United Lincolnshire Hospitals NHS Trust (ULHT) is working collaboratively with Social Care colleagues to reduce delays when patients are ready to leave a hospital but are still occupying beds.
This joint working approach has made a real difference and allowed ULHT to perform more efficiently in other areas. The Acute Trust is performing consistently below the upper limit target of 3.5% which was set by the Department of Health in its 2017/18 mandate to NHS England.
Delays can occur when patients are being discharged home or to a supported care facility, such as a residential or nursing home, or are awaiting transfer to a community hospital or hospice.
Delayed transfers – also referred to as ‘DTOCs’ – are a significant concern to patients and staff in the health and care system so this reduction in delays is having a positive impact collectively.
It has been reported that longer stays in hospital can increase the risk of infection and negatively affect patients’ mental health. DTOCS can also drain resources and disrupt the flow of patients through a hospital with significant financial implications.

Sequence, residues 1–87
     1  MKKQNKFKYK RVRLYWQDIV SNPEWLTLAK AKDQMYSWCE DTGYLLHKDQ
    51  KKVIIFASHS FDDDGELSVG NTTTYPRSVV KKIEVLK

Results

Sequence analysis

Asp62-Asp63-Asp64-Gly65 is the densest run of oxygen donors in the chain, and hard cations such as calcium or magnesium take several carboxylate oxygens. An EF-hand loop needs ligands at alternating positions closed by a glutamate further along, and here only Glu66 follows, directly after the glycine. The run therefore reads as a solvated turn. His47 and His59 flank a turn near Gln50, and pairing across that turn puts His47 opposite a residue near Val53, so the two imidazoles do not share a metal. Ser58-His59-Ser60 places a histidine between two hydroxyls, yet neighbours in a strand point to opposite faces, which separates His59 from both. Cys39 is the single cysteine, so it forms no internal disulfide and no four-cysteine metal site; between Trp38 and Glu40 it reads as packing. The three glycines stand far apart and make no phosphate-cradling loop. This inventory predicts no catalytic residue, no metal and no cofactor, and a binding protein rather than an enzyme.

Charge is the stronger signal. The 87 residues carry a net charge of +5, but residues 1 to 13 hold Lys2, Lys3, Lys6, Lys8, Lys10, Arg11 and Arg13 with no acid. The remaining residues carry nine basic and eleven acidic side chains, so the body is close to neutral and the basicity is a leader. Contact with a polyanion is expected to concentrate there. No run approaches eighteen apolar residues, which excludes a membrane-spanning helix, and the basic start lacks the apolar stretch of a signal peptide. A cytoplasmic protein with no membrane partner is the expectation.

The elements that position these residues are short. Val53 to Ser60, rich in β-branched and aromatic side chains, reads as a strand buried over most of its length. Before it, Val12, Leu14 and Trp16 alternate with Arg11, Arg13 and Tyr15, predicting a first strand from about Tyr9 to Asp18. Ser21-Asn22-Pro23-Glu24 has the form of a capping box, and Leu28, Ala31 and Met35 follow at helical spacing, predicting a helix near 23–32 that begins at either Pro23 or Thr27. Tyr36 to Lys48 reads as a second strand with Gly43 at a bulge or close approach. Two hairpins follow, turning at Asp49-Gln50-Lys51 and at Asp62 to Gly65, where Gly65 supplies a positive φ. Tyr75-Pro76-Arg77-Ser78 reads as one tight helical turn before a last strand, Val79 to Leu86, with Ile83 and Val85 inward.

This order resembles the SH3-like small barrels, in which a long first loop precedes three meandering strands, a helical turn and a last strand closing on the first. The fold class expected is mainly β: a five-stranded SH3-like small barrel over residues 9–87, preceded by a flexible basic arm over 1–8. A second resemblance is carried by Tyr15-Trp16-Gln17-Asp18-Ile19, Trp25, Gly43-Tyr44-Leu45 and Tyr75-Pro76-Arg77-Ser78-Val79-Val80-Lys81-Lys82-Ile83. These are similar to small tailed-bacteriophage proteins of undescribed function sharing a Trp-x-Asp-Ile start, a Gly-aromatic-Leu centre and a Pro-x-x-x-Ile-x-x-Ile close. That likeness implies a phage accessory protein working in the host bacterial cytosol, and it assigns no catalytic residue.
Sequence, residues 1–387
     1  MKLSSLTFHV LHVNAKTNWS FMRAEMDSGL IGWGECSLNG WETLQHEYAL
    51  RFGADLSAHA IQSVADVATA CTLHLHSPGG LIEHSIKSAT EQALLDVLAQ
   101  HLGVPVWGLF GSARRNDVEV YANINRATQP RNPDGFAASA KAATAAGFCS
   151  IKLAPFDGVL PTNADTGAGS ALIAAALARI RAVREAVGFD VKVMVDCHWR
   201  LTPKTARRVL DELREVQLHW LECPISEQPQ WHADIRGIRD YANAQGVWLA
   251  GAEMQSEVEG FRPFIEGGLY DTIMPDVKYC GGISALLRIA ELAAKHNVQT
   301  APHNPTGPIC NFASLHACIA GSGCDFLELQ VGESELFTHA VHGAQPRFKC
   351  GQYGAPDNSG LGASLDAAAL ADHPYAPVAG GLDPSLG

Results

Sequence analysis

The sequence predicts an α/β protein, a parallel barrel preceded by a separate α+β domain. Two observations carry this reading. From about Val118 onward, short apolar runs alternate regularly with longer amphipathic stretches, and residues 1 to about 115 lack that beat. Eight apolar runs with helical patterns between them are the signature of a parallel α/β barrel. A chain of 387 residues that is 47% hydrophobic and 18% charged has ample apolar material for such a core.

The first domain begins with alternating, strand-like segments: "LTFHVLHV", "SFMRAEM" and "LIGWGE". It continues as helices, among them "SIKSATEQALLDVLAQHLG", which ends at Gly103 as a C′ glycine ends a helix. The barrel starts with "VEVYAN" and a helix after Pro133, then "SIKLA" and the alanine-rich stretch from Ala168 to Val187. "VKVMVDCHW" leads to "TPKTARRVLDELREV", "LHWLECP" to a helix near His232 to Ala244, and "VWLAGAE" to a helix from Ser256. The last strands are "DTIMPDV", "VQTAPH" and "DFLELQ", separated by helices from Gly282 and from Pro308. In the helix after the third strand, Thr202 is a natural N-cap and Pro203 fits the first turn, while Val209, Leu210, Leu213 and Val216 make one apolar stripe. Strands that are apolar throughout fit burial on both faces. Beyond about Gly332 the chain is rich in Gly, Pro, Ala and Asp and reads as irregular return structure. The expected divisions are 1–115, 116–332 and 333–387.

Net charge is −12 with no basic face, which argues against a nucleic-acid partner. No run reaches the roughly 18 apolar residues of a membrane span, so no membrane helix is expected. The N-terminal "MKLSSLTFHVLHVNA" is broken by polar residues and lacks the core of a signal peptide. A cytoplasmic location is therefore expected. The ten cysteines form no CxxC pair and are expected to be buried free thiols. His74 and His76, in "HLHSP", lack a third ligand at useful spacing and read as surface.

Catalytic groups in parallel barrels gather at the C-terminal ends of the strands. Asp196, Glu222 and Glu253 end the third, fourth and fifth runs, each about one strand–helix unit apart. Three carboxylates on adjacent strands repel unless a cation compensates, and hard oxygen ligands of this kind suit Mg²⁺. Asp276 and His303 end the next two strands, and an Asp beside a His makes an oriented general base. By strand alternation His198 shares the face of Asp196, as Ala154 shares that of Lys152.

Carolyn Nice, Assistant Director of Adult Care said: “Adult Social Care and the County Council are committed to working with our partners to ensure that local residents, who have needed to go into hospital, are supported to return home as soon as possible. We continue to work with colleagues across the system to ensure that people who do not need to be in hospital are supported to remain at home.
“Having a system focus is the key to keeping people at home for longer and having positive, honest working relationships is critical to that focus. It is a really positive outcome of the closer working which the Council and our partners have been able to achieve and huge thanks and credit needs to go to all of our front line staff and clinicians across the trust and in the community for such an achievement.”
Examples of joint working include Neighbourhood Working, Enhanced Care Homes Project, Falls Service and Jointly Commissioned Beds in the Community.
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